Please note that when most Japanese people hear the word “Guarantor” as in “I need an emergency contact person for my guarantor company,” they will be apprehensive to agree as penalties can be severe if somebody runs out before their lease has ended.
Collect all the information above and THEN start contacting real estate agents. If all of the above information is ready by the time you start looking, then it will be a much smoother and painless process in getting through the necessary paperwork and getting your keys!
Photo credit: Toshihiro Oimatsu / Flickr
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Conventional real estate companies
The rental system of many conventional real estate companies is not very foreigner friendly.
Apartments are usually rented for a minimum of two years, which conflicts with the fact that many foreigners stay in Japan for less than two years.
Furthermore, most landlords are naturally reluctant to rent their apartments to foreigners who are not able to communicate in Japanese. Some of them will even categorically refuse their service to non permanent residents out of fear of frictions.
Many agents also require you to provide them with information about your financial background and to have a guarantor co-sign the rental contract as another security measure. Certain conditions apply as who can serve as your guarantor. It must usually be a Japanese national with a stable financial background.
Not at last, entering a rental contract with a conventional real estate company is very expensive. A number of refundable and non refundable fees have to be paid, often totaling three to ten months’ rent, depending on the company and apartment:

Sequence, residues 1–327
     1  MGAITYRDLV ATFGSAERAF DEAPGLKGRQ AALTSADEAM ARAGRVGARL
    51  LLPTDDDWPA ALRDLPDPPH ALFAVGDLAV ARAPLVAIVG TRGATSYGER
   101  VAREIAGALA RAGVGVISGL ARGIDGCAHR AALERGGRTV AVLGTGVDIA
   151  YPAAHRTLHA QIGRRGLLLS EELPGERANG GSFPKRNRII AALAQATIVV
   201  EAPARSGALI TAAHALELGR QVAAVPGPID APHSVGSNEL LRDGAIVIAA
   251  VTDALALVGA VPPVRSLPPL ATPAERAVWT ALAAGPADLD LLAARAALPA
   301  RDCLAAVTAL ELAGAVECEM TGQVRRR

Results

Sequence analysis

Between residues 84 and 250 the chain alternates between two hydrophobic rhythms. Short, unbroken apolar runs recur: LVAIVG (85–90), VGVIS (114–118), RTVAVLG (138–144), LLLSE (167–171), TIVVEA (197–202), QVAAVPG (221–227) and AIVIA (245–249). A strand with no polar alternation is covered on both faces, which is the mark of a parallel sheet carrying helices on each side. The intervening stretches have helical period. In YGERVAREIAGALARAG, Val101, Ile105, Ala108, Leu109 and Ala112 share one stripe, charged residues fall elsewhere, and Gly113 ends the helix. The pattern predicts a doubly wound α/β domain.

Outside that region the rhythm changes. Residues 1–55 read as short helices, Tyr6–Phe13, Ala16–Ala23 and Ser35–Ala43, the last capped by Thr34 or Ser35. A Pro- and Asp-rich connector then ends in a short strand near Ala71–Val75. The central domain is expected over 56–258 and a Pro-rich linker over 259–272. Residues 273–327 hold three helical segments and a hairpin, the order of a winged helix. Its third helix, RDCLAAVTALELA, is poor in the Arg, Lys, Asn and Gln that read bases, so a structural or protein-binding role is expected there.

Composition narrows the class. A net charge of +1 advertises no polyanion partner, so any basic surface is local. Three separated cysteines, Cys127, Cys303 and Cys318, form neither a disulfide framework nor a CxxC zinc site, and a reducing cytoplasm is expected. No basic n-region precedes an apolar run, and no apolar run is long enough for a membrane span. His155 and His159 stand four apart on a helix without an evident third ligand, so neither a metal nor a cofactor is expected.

- Reservation fee (tetsukekin)
The tetsukekin is paid when you apply for an apartment, and before the actual rental contract is signed. It serves as a guarantee for you that the apartment is not given to somebody else, and for the agent that you do not change your mind. It is refunded after the actual contract is signed and is usually equivalent to about one month’s rent.
- Deposit (shikikin)
The deposit is used to cover eventual future damage to the apartment. The deposit minus the cost for repairs is refunded when you move out. The deposit is usually equivalent to several months’ rent.
- Key money (reikin)
This is a non refundable payment to the landlord in the amount of up to several months’ rent.
- Service fee (chukai tesuryo)
This is a non refundable payment to the real estate agent in the amount of at most one month’s rent.
Real estate companies for foreigners
Real estate companies, which specifically target Japan’s foreign community, exist mainly in Tokyo and other large metropolitan areas. They offer private and shared apartments for conditions that are much more suitable to the needs of foreigners, and often have staff trained in foreign languages.
For example, they offer rental contracts for much shorter time periods and lower and fewer initial fees than conventional companies. In addition, their apartments are often already furnished, and the cost for utilities may be included in the monthly rent.
Many real estate companies for foreigners operate so called gaijin houses (“foreigner houses”), a very inexpensive type of accommodation, while others target individuals and businesses on larger budgets and with higher requirements.